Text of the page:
On July 1, 1863, Lydia and young Hannah and Matilda were advised by a mounted Union officer to leave the farm for their safety. They eventually found shelter on the Baltimore Road. The farm’s location was ideal for communications; the house and outbuildings were occupied and the grounds used as a signal station, the fields crossed frequently by troops, messengers and staff. On July 2nd and 3rd, Meade established his headquarters there. By the afternoon of the 3rd, it was being used as an aid station. Gettysburg resident Daniel Skelly visited the farmhouse on July 6th:

“In the front room of the house was a bed, the covers of it thrown back; and its condition indicated that a wounded soldier had occupied it. I was told that General Butterfield, Meade’s chief of staff, who had been wounded, had been placed upon it before being taken to a hospital.”

When Lydia and her children returned, they were greeted with devastation. In 1865 she described the scene to author John T. Trowbridge:

“I owed a little on my land yit, and thought I’d put in two lots of wheat that year, and it was all trampled down, and I didn’t get nothing from it. I had seven pieces of meat yit, and them was all took. All I had when I got back was jest a little bit of flour yit. The fences was all tore down, so that there wasn’t one standing, and the rails was burnt up. One shell came into the house and knocked a bedstead all to pices for me…The porch was all knocked down. There was seventeen dead horses on my land. They burnt five of ‘em around my best peach tree and killed it; so I ha’n’t no peaches this year. They broke down all my young apple trees for me. The dead horses sp’iled my spring, so I had to have my well dug.”

Trowbridge reflected on Leister:

“This poor woman’s entire interest in the great battle was, I found, centered in her own losses. That the country lost or gained she did not know or care, never having once thought of that side of the question.”

Lydia was eventually able to repair her house, even building a two story addition. She also expanded the farm, purchasing additional acreage from neighbor Peter Frey. She sold the bedroom table used by Meade during his stay to an Edmund Cleveland of Elisabeth, NJ (the table subsequently made its way back to the Park’s collection), and also sold for fertilizer the 750 pounds of bone from the dead horses, from which it took over 18 months for the meat to rot. She lived on the farm until 1888, when poor health caused her to move into town. At that time, the Gettysburg Battlefield Preservation Association purchased the farm from Lydia for $3,000.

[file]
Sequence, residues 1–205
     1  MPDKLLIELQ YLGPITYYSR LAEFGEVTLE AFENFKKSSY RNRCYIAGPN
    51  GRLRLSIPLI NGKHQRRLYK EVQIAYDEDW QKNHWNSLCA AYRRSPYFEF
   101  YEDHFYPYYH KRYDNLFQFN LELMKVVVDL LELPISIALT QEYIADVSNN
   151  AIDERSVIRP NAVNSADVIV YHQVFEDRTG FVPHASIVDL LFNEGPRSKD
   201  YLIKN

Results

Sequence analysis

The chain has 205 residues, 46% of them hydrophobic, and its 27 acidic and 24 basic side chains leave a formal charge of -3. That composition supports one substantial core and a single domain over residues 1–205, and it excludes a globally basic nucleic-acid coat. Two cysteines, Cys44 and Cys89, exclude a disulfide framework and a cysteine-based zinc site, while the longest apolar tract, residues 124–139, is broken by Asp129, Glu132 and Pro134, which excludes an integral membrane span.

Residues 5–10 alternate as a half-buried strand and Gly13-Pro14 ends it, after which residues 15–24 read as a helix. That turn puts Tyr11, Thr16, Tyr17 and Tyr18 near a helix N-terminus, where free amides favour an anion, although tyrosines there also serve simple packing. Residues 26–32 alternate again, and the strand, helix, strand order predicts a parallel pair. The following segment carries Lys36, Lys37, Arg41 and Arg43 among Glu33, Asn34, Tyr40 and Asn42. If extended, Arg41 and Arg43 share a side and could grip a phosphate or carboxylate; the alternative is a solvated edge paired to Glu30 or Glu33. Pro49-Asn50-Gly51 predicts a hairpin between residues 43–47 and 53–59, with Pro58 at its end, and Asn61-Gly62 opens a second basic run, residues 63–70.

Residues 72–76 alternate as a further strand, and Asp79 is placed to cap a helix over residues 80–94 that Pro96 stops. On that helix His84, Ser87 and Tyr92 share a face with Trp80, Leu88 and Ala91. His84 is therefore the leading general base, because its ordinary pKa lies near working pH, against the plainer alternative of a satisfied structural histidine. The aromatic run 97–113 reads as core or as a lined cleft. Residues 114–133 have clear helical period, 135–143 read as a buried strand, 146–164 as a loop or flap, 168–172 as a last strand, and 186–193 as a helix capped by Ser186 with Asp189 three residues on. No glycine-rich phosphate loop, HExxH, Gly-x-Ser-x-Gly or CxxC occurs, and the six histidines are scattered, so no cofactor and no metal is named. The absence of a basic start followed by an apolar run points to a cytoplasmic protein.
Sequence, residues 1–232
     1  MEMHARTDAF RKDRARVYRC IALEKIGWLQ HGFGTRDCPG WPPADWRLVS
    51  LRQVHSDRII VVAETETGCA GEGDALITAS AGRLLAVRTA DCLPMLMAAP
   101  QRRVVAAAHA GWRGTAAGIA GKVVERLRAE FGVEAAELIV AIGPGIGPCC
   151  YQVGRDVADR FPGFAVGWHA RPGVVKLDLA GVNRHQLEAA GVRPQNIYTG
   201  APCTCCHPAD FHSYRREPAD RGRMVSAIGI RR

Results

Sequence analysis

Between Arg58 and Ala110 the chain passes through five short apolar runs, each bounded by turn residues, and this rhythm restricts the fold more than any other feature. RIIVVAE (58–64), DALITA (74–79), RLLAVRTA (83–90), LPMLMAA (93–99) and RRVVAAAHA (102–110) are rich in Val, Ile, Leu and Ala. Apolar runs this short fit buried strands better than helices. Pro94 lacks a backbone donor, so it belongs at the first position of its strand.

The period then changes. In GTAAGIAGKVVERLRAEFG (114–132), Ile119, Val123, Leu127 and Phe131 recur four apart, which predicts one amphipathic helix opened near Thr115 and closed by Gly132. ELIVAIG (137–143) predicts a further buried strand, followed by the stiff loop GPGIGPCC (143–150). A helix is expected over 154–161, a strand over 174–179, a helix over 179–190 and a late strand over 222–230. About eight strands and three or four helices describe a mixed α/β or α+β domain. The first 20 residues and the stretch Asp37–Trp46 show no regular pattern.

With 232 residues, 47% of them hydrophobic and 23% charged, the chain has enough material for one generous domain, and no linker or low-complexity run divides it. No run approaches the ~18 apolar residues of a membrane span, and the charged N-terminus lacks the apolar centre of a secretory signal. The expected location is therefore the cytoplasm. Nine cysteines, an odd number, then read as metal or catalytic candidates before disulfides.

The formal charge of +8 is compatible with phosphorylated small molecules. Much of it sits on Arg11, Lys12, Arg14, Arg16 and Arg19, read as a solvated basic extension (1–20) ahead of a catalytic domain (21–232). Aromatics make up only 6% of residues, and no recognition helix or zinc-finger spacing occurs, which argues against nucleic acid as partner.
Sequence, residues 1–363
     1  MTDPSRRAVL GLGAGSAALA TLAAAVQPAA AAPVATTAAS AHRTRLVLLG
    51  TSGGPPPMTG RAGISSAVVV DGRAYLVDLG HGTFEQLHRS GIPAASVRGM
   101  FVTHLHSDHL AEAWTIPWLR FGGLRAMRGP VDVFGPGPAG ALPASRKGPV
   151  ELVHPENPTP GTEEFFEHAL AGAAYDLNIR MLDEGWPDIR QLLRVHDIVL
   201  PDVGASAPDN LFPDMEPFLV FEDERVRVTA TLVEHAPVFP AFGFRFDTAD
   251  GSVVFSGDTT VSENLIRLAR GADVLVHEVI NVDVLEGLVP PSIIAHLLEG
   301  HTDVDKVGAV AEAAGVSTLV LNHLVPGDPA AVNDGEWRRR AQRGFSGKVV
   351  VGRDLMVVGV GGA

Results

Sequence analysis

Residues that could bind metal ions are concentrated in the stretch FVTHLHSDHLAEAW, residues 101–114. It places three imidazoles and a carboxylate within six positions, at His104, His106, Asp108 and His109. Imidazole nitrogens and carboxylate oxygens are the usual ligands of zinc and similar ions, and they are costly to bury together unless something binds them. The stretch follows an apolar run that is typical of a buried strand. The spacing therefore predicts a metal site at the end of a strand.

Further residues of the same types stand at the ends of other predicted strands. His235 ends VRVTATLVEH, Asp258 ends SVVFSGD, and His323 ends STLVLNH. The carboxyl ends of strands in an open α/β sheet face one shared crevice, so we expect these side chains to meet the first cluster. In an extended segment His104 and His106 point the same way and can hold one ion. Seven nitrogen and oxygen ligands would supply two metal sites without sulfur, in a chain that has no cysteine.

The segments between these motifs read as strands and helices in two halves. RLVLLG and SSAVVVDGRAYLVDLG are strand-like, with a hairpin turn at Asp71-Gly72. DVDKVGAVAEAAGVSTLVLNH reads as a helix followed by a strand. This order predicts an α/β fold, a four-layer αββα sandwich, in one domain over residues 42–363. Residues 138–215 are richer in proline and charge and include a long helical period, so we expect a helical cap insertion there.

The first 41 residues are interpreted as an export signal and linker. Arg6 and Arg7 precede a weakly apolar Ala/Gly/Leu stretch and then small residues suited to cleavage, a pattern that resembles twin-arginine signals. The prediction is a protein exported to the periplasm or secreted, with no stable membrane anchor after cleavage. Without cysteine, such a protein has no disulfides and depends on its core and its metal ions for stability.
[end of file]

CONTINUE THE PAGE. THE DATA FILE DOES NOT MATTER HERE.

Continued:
The original farm house was lived in continually by tenant farmers into the 1920’s. In 1933 the property was taken over by the National Park service, at which time it ceased to operate as a tenant farm and the buildings used for storage. In 1961, extensive excavation and reinforcement of the foundation was done, and the house was fully restored in 1966.

Upon selling her farm to the GBPA, Lydia had the two-story addition removed to a lot she purchased in town. She lived in that dwelling, which today is known as the Gettystown Inn near the Dobbin House on Steinwehr Ave., until her death at the age of 84 on Dec. 29, 1893, and is buried in Gettysburg’s Evergreen Cemetery. Over the years Lydia Leister had filed claims against the War Department totaling just over $1,311 for damages to her farm during the battle. Settlement was made for $52.50.

[See here for some photos of the Leister house and farm. Thanks to GNMP and Ranger Troy Harmon for access to the house on a very, very cold day.]

Sources: Gettysburg National Military Park files; http://www.dobbinhouse.com; National Park Service Cultural Resources Management Bulletin Vol. 5, #4, December 1982, “The Mystery of General Meade’s Table,” Ronald Sheetz, http://crm.cr.nps.gov/archive/05-4/5-4-all.pdf; “A Strange and Blighted Land,” Gregory Coco; “A Vast Sea of Misery,” Gregory Coco; “The South: A Tour of its Battle-Fields and Ruined Cities,” John T. Trowbridge.